Manila now more costly for expats — Mercer

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THE PHILIPPINES’ capital city, Manila, jumped 29 places in Mercer’s 2019 Cost of Living Survey, marking the fourth sharpest climb in the world.

The Philippines ranked 109th most expensive city for expatriates out of 210 localities on this year’s list — the 25th edition of the survey.

The study measures the comparative cost of more than 200 items in each location, including housing, transportation, food, clothing, household goods, and entertainment. Cost of living and rental accommodation cost comparisons were derived from a survey conducted in March.

“Cost of living is an important component of a city’s attractiveness for businesses,” a press release quoted Yvonne Traber, Global Mobility Product Solutions leader at Mercer, as saying.

The survey is designed to help firms come up with compensation packages of their expatriate employees, so that they maintain their purchasing power when they are deployed to another country.


For Mario Ferraro, Mercer’s mobility leader for Asia, Middle East, Africa and Turkey, “[w]hile the Philippines’ robust economic growth continues to attract talent, business, and investments from all over the world, the findings of Mercer’s 2019 Cost of Living study should signal its public and private sectors to take a deeper look and start a conversation on which factors are behind the dramatic increase in its cost of living from 2018 to 2019, and how they can be addressed or mitigated to ensure the country’s continued competitiveness.”

“Eight of the top ten cities in this year’s ranking are in Asia due in part to a strong housing market,” Mercer noted in its statement.

Hong Kong retained its distinction as the world’s most expensive city, followed by Tokyo; Singapore; Seoul; Zurich; Shanghai; Ashgabat, Turkmenistan; Beijing; New York and Shenzhen.

Mercer noted that Ashgabat climbed 36 spots “to record the biggest increase in cost of living”. It was followed by Phnom Penh, which went up 34 places to 108th this year, while Havana went up 32 spots to 133rd place.

Michael L. Ricafort, economist at Rizal Commercial Banking Corp. (RCBC), said that Manila’s sharp climb on this year’s list may have been due to the fast inflation and higher interest rates in 2018, which spilled over in early 2019, as well as the relatively fast growth of the economy in terms of gross domestic product compared to other Asian countries. “Faster increase in cost of living may also reflect the sustained growth in rental rates and property prices in recent years,” Mr. Ricafort said in a mobile phone message when sought for comment.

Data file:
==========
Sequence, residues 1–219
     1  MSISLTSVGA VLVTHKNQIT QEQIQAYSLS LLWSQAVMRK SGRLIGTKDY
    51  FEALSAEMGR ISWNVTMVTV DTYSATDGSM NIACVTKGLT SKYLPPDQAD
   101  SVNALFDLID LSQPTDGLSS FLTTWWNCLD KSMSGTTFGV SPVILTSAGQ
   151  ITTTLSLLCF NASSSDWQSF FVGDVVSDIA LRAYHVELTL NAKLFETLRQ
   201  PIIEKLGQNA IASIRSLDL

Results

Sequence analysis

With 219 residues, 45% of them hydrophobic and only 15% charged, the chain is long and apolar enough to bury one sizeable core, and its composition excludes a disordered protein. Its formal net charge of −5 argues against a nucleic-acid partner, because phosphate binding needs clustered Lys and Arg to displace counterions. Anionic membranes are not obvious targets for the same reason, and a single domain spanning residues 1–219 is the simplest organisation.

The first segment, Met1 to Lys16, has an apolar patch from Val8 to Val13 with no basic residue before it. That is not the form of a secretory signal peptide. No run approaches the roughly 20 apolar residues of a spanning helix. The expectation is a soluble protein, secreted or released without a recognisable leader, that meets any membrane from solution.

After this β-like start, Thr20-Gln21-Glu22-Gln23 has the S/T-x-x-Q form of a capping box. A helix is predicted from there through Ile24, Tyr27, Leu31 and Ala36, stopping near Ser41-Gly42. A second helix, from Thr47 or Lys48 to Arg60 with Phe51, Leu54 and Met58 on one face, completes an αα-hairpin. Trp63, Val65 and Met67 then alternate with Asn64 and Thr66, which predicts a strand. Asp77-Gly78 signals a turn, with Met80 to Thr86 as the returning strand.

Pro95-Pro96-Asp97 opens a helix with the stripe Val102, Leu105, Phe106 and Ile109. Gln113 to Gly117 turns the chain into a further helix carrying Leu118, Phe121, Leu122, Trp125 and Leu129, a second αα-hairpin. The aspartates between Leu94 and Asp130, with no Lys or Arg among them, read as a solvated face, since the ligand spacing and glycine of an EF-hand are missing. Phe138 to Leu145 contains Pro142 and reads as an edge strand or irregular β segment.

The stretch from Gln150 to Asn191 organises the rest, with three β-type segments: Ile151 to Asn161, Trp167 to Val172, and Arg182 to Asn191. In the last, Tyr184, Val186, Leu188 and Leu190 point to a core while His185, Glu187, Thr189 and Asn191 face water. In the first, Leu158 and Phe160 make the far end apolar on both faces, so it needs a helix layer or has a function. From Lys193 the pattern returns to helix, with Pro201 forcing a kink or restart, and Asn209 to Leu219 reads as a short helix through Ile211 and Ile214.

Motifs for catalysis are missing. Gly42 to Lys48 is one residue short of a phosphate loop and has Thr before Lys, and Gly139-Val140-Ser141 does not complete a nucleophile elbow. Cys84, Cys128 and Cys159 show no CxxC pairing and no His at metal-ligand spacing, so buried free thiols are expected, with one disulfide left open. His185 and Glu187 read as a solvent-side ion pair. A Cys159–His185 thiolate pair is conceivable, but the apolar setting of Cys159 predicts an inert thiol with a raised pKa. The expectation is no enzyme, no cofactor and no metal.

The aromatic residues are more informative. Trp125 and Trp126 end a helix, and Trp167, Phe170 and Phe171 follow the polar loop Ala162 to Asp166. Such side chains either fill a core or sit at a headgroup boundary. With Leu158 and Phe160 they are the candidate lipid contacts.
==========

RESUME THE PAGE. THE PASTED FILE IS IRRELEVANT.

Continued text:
In a separate text message, UnionBank of the Philippines, Inc. Chief Economist Ruben Carlo O. Asuncion said that “GDP growth is one” possible factor for the Philippines’ rise on the list, since economic growth spurs a rise in prices.

“The rise of labor costs is another. Another would probably be the rise of real estate costs. Inflation also has a factor in the rise,” Mr. Asuncion said.

“It is known that as economy expands, along with it is the parallel rise of various costs. Some of these costs are labor-related like wages and the cost of living. Thus, it is somehow expected that the Philippines has risen in the survey.”

The Philippine economy expanded by a disappointing 6.2% in 2018 — the slowest clip in four years — against the government’s 6.5-6.9% target, but at that pace it was still one of Asia’s fastest-growing economies. GDP grew by 5.6% in this year’s first three months — its worst quarterly performance in four years — against an official 6-7% goal for 2019.

The Philippines last year also reeled from successive multi-year-high inflation rates that peaked at a nine-year-high 6.7% in September and October. Headline inflation averaged a decade-high 5.2% in 2018 against an official 2-4% target. — Vincent Mariel P. Galang